|Accession #||1992.11.12 |
||John B. Flannagan|
|Title||Jonah and the Whale: Rebirth Motif|
|Medium||Bluestone with wood base|
|Dimensions||30 1/4 x 11 x 2 1/4 in. (76.8 x 27.9 x 5.7 cm)|
|Credit Line||Bequest of Edith and Milton Lowenthal|
|Location||American Identities: Modern Life
|Description||Statue of flattened, upright whale (face down, tail up) with contorted figure of bearded man in its stomach carved in relief on both sides; statue attached to rough wood block base.
During the interwar years, John B. Flannagan was a leading American proponent of the method of direct carving—working directly on the material with one\'s own hands, instead of having the sculpture reproduced from a model using mechanical aids or assistants. He also believed that, within every rock, there was an image waiting to be freed by the sculptor. It took Flannagan two years to discover the subject matter for Jonah and the Whale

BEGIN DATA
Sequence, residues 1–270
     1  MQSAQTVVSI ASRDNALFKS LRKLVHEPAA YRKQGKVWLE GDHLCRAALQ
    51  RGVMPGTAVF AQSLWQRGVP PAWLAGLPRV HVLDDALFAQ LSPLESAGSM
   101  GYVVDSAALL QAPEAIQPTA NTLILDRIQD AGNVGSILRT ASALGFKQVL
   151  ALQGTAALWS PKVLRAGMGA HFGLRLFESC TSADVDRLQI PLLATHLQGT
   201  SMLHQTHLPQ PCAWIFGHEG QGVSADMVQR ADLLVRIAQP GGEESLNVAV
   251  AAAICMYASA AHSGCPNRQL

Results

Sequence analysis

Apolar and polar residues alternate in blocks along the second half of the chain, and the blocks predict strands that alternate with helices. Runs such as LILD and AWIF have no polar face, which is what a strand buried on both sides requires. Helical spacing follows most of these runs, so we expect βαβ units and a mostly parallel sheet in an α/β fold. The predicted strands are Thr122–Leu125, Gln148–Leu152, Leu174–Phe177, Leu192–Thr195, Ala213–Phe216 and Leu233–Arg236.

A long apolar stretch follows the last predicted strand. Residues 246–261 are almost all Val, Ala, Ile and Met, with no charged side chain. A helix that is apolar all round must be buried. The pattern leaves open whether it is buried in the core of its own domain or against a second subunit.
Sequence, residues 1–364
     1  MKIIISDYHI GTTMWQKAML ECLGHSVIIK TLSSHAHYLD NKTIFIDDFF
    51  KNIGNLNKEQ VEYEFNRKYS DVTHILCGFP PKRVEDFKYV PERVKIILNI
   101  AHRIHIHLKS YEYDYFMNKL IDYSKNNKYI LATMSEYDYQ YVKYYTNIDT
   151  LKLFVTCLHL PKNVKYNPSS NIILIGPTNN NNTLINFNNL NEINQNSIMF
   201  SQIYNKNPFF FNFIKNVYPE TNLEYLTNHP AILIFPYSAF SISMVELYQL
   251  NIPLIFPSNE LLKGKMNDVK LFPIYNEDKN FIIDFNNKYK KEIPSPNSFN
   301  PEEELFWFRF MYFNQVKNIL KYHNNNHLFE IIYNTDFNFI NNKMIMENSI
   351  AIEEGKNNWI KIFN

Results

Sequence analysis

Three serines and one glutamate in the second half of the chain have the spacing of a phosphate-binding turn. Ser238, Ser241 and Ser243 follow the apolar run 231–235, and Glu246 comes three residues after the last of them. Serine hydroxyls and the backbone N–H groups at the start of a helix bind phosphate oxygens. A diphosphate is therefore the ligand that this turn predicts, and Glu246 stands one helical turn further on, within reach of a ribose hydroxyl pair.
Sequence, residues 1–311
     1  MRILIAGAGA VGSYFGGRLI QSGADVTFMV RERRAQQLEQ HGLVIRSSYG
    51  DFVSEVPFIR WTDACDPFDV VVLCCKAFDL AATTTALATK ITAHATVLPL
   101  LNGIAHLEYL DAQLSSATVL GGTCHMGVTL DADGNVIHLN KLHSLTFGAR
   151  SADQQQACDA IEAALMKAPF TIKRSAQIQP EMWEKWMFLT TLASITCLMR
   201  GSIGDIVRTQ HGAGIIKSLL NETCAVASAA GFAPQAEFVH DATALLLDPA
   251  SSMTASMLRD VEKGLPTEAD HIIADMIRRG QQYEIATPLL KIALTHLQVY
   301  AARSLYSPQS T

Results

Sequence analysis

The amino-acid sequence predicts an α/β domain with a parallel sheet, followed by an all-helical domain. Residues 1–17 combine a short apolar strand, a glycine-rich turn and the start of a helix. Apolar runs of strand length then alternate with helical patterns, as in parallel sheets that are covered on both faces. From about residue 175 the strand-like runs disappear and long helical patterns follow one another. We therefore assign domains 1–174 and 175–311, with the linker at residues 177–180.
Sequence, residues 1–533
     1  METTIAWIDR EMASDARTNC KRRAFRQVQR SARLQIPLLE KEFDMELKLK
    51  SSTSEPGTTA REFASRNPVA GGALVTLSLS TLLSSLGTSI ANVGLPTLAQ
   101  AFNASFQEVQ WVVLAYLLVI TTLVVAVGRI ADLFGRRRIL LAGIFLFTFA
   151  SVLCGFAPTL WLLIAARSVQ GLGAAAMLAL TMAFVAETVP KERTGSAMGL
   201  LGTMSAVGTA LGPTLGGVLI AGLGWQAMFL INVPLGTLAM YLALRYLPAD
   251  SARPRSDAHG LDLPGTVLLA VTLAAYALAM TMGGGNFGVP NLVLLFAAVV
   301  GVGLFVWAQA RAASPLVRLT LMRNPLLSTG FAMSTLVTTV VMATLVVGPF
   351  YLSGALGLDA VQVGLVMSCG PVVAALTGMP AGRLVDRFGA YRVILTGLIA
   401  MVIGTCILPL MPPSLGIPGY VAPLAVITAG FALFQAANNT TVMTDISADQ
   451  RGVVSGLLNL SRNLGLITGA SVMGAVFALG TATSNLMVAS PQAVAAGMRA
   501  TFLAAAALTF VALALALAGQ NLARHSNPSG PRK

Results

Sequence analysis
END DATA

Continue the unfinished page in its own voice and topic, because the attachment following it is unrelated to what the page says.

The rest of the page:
in a piece of bluestone he found in the fields around Woodstock, New York. The work depicts the biblical prophet Jonah imprisoned in the belly a whale, his punishment for disobeying God. (He was released after repenting.) In the color, shape, and texture of the stone, Flannagan found the basic form of his whale, adding economical incisions to articulate the creature\'s mouth, eyes, and fins. Jonah\'s fetal position and the biblical promise of redemption evoke the theme of rebirth—a persistent theme in Flannagan\'s art and a metaphor for his creative process.